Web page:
Just because they are super-introverts does not mean phlegmatics are not strong. Actually the phlegmatic’s calm and unexcited nature is a vital asset There are things he can do and vocations he can pursue that extroverts could never do. Phlegmatics rarely, if ever, leap before they look. They are thinkers and planners.

Phil is a born diplomat. Conciliatory by nature, he does not like confrontation and would rather negotiate than fight He has a knack for defusing the hostile and excitable types and is a walking example that “a soft answer turns away wrath.”

The unexcited good humor of the phlegmatic keeps him from being intensely involved with life so that he can often see humor in the most mundane experiences. He seems to have a superb inborn sense of timing in the art of humor and a stimulating imagination.

Mr. Phlegmatic is dependability itself. Not only can he be depended upon to always be his cheerful, good-natured self, but he can be depended upon to fulfill his obligations and time schedules. Like the melancholy, he is a very faithful friend, and although he does not get too involved with others he rarely proves disloyal.
Mr. Phlegmatic is also practical and efficient Not prone to making sudden decisions, he has a tendency to find the practical way to accomplish an objective with the least amount of effort. He often does his best work under circumstances that would cause other temperaments to “crack.” His work always bears the hallmark of neatness and efficiency. Although he is not a perfectionist, he does have exceptionally high standards of accuracy and precision.
The administrative or leadership capabilities of a phlegmatic are seldom discovered because he is not assertive and doesn’t push himself. But when once given the responsibility, he has a real ability to get people to work together productively and in an organized manner.


The variety of strengths provided by the four temperament types keeps the world functioning properly. No one temperament is more desirable than another. Each one has its vital strengths and makes its worthwhile contribution to life. Someone facetiously pointed out this sequence of events involving the four temperaments: “The hard-driving choleric produces the inventions of the genius-prone melancholy, which are sold by the personable sanguine and enjoyed by the easygoing phlegmatic.”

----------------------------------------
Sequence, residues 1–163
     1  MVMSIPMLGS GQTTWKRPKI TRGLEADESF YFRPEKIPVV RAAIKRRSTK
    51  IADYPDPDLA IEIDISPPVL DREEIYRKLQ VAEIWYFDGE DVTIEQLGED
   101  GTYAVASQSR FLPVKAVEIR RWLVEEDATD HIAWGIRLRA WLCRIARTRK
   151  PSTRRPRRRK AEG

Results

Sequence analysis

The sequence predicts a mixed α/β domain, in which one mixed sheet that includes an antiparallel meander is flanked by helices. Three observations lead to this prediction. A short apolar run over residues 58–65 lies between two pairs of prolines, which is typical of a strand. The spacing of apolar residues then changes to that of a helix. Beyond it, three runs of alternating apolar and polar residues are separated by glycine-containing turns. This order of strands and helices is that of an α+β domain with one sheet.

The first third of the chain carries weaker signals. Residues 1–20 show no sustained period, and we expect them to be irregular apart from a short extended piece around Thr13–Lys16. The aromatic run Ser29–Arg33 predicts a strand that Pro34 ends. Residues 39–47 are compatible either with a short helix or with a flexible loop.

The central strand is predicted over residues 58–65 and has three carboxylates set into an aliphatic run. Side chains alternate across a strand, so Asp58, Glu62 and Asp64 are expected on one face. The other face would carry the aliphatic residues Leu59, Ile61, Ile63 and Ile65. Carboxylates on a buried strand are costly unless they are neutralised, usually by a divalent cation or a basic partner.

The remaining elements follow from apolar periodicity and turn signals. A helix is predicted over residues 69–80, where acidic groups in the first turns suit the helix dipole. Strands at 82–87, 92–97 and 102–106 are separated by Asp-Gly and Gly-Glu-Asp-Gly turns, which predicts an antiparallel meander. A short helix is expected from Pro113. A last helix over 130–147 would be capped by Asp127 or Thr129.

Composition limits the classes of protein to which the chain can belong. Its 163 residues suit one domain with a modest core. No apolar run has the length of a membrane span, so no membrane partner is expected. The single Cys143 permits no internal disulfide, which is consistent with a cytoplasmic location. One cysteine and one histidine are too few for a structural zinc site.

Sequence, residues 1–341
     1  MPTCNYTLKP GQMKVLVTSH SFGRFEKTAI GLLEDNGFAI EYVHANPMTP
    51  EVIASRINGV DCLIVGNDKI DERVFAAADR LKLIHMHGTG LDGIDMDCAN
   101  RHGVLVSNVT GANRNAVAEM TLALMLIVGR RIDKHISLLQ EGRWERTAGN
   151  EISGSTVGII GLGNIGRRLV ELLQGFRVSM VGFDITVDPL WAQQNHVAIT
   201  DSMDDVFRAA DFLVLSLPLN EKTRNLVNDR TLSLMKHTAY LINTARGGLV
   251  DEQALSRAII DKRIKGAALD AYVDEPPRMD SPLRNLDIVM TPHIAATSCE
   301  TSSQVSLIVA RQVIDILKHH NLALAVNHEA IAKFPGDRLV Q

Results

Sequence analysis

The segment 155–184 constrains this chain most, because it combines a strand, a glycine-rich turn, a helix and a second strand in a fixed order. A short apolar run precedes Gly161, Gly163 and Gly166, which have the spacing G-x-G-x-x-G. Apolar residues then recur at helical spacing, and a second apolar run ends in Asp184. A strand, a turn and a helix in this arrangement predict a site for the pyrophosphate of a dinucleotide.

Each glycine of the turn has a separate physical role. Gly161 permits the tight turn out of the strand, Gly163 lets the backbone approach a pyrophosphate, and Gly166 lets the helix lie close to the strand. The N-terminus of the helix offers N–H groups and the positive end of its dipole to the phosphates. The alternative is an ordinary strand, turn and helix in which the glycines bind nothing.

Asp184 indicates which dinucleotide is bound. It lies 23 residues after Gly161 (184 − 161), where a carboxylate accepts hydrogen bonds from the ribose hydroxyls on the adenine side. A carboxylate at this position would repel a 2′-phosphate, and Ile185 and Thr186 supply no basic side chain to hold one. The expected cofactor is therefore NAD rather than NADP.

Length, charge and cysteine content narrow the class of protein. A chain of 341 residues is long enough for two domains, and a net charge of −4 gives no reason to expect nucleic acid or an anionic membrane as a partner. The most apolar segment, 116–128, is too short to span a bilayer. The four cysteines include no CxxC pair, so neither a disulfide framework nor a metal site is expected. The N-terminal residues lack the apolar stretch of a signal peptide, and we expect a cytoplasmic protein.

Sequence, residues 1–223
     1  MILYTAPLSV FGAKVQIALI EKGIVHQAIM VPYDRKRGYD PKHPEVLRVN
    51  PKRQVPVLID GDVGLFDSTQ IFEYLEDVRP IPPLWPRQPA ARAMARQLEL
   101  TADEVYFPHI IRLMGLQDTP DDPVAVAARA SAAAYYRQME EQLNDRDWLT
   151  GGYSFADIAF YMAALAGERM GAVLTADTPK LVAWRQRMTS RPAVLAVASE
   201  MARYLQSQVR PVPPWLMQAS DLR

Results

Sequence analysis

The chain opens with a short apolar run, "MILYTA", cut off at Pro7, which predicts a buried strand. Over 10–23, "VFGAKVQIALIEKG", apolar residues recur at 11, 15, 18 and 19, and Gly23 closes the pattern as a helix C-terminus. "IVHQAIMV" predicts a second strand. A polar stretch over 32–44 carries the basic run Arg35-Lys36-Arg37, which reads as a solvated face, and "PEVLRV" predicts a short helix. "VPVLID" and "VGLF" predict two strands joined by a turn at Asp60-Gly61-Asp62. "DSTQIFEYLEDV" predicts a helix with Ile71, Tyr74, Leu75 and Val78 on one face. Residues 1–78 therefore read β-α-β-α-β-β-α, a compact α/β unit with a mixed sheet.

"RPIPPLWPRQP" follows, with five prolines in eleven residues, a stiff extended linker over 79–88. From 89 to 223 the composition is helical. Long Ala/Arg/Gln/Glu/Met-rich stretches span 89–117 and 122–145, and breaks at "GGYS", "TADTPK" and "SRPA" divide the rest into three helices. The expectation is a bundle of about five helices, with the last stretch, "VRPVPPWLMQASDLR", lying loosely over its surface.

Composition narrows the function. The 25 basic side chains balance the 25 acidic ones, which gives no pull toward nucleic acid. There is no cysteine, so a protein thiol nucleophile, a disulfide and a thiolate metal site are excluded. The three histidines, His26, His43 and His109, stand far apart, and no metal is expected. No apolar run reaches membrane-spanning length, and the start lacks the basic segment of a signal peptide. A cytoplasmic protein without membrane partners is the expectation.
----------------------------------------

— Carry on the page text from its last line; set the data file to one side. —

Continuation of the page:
The strengths of the four temperaments make each of them attractive, and we can be grateful that we all possess some of those strengths. But there is more to the story! As important as are the temperament strengths, even more important, for our purposes, are their weaknesses. It is our intent to contrast the strengths of the temperaments with their weaknesses. Our purpose in so doing is to help you diagnose your own weaknesses and develop a planned program for overcoming them.
Don’t be afraid to be objective about yourself or to face your weaknesses. Many people have decided what basic temperament they are at this point in the study, then changed their mind when confronted with their unpleasant weaknesses. Strengths carry corresponding weaknesses, so face them realistically, then let God do something to improve them.

Temperament Weaknesses

This will doubtless be the most painful section in this book, for no one likes to be confronted with his weaknesses. But if we think of ourselves only in terms of the strengths of our temperament, we will develop a faulty view of ourselves. Everyone has weaknesses.


Sanguines are voted “most likely to succeed” in college, but often fail in life. Their tendency to be weak-willed and undisciplined will finally destroy them unless it is overcome. Since they are highly emotional, exude considerable natural charm, and are prone to be what one psychologist called “touchers” (they tend to touch people as they talk to them), they commonly have a great appeal for the opposite sex and consequently face sexual temptation more than others. Weakness of will and lack of discipline make it easier for them to be deceitful, dishonest, and undependable. They tend to overeat and gain weight, finding it most difficult to remain on a diet Someone has said, “Without self-discipline, there is no such thing as success.” Lack of discipline is Mr. Sanguine’s greatest weakness.

The only temperament more emotional than a sanguine is a melancholy, but he isn’t anywhere near as expressive as Sparky Sanguine. Not only can Sparky cry at the drop of a hat (one pro football player’s wife won’t watch a sad film on TV with her husband because “his blubbering embarrasses me!”), but his spark of anger can instantly become a raging inferno.